3. I would love to have my wife stay at home to home-school our children. However, I believe that would present a major economic problem for our kids future. I completely understand we must have "a willingness to live within your means" but how much money are you really going to save with only one parent working? Should I just do what my parents did to me by sending me out in the world with no cash in hand to mount up thousands in student loans to pay back? (By the way I love my parents :) My point is that only certain families that can afford to home-school children should do it. If you can't afford to home-school your children and afford to pay for a college education for them then you shouldn't do it. Just my opinion...

  4. What is your second best option, Richard? Is it private or government education? Please log on to www.jackchambless.com ,click on SPEECHES scroll down to the video STUPID IN AMERICA. I would love to hear your thoughts.

  5. OK I watched the video and what John Stossel is saying is very true. I also have a problem with public school being that my children are 8 and 6 years old in a school with 30+ kids in each class. The teachers have to deal with disruptive children and teaching a curriculum that doesn't make sense. For example, my daughter was learning how to simplify fractions before learning division? I also applied to 3 different charter school lotteries for both of my children because those schools are better than public school. I agree that competition can make the school system better.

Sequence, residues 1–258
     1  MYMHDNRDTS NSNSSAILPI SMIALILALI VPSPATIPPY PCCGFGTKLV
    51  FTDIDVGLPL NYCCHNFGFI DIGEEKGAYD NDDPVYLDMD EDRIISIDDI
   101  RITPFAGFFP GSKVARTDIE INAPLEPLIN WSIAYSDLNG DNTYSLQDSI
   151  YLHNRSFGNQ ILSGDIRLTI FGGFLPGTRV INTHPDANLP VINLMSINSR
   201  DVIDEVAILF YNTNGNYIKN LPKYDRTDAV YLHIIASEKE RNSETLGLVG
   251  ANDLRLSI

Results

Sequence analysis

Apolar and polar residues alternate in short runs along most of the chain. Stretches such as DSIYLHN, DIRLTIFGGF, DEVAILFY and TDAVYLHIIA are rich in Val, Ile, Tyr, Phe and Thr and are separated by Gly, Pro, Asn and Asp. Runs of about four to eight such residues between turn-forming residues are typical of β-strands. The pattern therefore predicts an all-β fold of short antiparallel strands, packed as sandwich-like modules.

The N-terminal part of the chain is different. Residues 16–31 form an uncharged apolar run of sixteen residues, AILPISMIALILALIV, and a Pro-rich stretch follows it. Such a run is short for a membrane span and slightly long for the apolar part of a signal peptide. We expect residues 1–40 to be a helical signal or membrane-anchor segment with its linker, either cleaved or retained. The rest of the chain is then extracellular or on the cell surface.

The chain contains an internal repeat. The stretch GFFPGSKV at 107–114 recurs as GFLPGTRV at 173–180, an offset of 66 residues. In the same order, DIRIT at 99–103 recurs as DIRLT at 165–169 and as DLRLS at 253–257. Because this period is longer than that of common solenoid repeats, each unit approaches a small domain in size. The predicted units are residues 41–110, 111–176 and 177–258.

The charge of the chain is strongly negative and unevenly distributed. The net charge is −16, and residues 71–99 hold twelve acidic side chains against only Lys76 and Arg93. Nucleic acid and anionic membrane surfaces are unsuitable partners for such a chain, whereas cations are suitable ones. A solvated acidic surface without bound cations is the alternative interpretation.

I also feel that students play a big part in the schools failing. I remember watching a documentary "Hard Times at Douglass High" where teachers were quitting because of the students. Lots of young people just don't want to learn and if they do learn they want it to be easy. I was annoyed by Dorein Cain's mother who blamed the school for her son not being able to read. Why couldn't she get him a book and help him read? Now she's passing down that blaming type of attitude to her son. I went back to school in my mid 20's at Valencia so I know that young people just don't want to learn. I can remember sitting in English class and hearing sighs from students when the professor asked us to write a paper. Isn't that what we're suppose to do in English class? It didn't shock me at all in the video that those young people didn't know what the Bill of Rights was. Its hard to get young people to want to learn so the way I try to get my kids to want to learn is by scaring them. Since we moved to California we noticed a lot of homeless people standing on corners. Every time I see one I say to my kids the reason why he or she is standing there holding a sign is because they didn't go to school. Now every time I see a homeless person with them I say "why is he there?" And they answer "because he didn't go to school." It might be cruel but I just want them to understand the value of education.

    So to finally answer your question the second best option is private (if you can afford it). The third best option is charter schools. Finally, the last option is government education. The last option will just take more of my time at home to help my kids understand the things that was quickly taught to them at school.

    Sorry for the long winded answer.

  6. I agree. When that lady in S.C. turned over her responibility to her son to the public school system she was foolishly of the mindset that the unionized teachers would do their job. It is OUR job, not the schools to educate our kids. The schools have become day care centers, nothing more. If parents who send their kids to the government do not supplement what their kids are not learning it is their fault.

    It is also worth noting the stripping away the right of teachers to paddle kids has impacted the classroom. There is nothing like the prospect of a good beating to focus the mind of an unruly kid.